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Ever thought running two Operating systems on the same machine. Windows 10 Pro and Enterprise versions provide you with a great utility feature known as Hyper-V or Hypervisor technology. Earlier we had to use different software for running these virtual machine. Microsoft earlier had these featured these into Microsoft server 2008.
Hypervisor was first introduced in Window Server 2008 and Windows 8 and later releases of the OS. Windows implements Hypervisor by isolating the virtual machines running by creation on partition within the Operating Systems. The Hypervisor acts as a layer between the Hardware and OS – The one you will be running and the one you are running onto.
Here two partitions will be created one for the OS you are running and the one you want as a virtual machine. The partition of the OS you are currently running is known as primary partition whereas the partition on which OS is running as virtual machine is known as child partition now since it is a child partition it does not handle real interrupts as logically it doesn’t has it own processor.
It creates a virtual address space a per the configuration of your Hyper -V and device.
Firstly, you gotta keep in mind before running any vitually systems that you have enough memory space to support it my recommendation at least 8 Gigs of RAM (4 for Windows + 2 or more for the Virtual Machine)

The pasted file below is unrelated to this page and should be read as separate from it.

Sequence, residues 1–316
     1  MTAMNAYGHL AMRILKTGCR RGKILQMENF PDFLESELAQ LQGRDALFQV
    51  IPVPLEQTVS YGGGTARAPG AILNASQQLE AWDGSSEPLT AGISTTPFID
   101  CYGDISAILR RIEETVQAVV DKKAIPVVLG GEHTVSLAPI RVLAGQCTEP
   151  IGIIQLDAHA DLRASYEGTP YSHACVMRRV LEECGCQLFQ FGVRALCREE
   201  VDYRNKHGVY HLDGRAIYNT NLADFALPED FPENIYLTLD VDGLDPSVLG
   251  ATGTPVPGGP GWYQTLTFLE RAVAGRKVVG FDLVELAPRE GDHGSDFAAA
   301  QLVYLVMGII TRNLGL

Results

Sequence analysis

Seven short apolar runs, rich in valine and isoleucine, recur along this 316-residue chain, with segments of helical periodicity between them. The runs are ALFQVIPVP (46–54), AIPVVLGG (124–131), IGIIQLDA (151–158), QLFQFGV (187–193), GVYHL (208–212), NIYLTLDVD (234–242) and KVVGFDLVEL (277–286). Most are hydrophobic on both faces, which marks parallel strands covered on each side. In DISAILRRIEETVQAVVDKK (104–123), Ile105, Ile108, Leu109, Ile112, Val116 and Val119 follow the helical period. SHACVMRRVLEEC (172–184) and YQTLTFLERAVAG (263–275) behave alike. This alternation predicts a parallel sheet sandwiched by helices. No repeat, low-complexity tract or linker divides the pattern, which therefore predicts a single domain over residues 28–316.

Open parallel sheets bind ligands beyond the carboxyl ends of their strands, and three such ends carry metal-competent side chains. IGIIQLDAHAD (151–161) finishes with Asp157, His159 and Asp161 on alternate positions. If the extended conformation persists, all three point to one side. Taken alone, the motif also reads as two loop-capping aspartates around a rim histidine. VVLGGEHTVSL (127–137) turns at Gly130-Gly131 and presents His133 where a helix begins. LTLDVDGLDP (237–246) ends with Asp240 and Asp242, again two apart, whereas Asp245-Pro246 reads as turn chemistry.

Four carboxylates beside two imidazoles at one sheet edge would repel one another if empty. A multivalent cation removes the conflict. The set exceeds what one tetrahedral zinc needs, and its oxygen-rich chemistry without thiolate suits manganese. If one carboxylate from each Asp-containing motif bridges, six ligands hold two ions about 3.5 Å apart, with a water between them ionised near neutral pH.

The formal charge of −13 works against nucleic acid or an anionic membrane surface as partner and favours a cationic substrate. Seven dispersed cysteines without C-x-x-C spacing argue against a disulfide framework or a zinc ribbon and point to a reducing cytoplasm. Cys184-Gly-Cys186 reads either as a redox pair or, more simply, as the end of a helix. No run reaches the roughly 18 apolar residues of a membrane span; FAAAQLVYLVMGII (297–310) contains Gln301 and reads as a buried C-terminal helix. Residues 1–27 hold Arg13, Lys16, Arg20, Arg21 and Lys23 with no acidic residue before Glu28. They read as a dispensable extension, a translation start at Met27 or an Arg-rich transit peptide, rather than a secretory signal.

Hyper V is not installed by own to install HYper V follow the following steps:
Step 1: Open Control Panel
Step 2: Search for Windows Features or Go to Programs and Features > Turn Windows feature on or Off
Step 3: After this a dialog box appears.Hyper V is maintained by two of it major components. Hyper V Management Tools and Hyper V Platform Check the boxes containing the two including Hyper V and click Ok
After restarting your PC, it’s a good idea to configure some virtualization settings. Open the newly installed Hyper-V Manager app (this is also a good time to pin that app to the Start menu and, optionally, the taskbar), and then, in the Actions pane on the right, click Hyper-V Settings.
I recommend looking at the following three settings under the Server heading:
This setting specifies the folder where virtual hard drives (VHDs) will be
stored. By default, this location is on the system drive. If you’re setting up Hyper-V on a desktop PC with multiple hard drives, you might want to change this location to a folder on the largest drive.
Although the configuration files for each VM are relatively small, the files for saving the state of a VM can become large. If space on the system drive is limited and you have a large, reasonably fast data drive, consider changing this location.
By default, this option is on, and I recommend you leave it on.
You might prefer the third option on this page, which allows the VM to
use those keystrokes only in full-screen mode.
With certain operating systems running in VMs, you need to click in the
Virtual Machine Connection window to use the mouse, and the mouse stops when it reaches the edge of the window. For those occasions, you can choose one of four special keyboard combinations to let the mouse back into the host PC environment.
This is the user equivalent of the setting under the Server heading. I
recommend leaving it turned on.
Click OK to save any changes you make to these settings.
Whatever OS you choose to create as your first virtual machine here’s a quick setup tutorial if you want more help to this section please let us know in the comments below.
To start creating your first virtual machine click on the Start menu. Search for quick.
Select an operating system or choose your own by using a local installation source if choosing android or or platform I’d recommend downloading the sdk files first on your local machines.
Choose Local installation. Specify the path and follow the steps your Virtual machine is set up and ready to be used.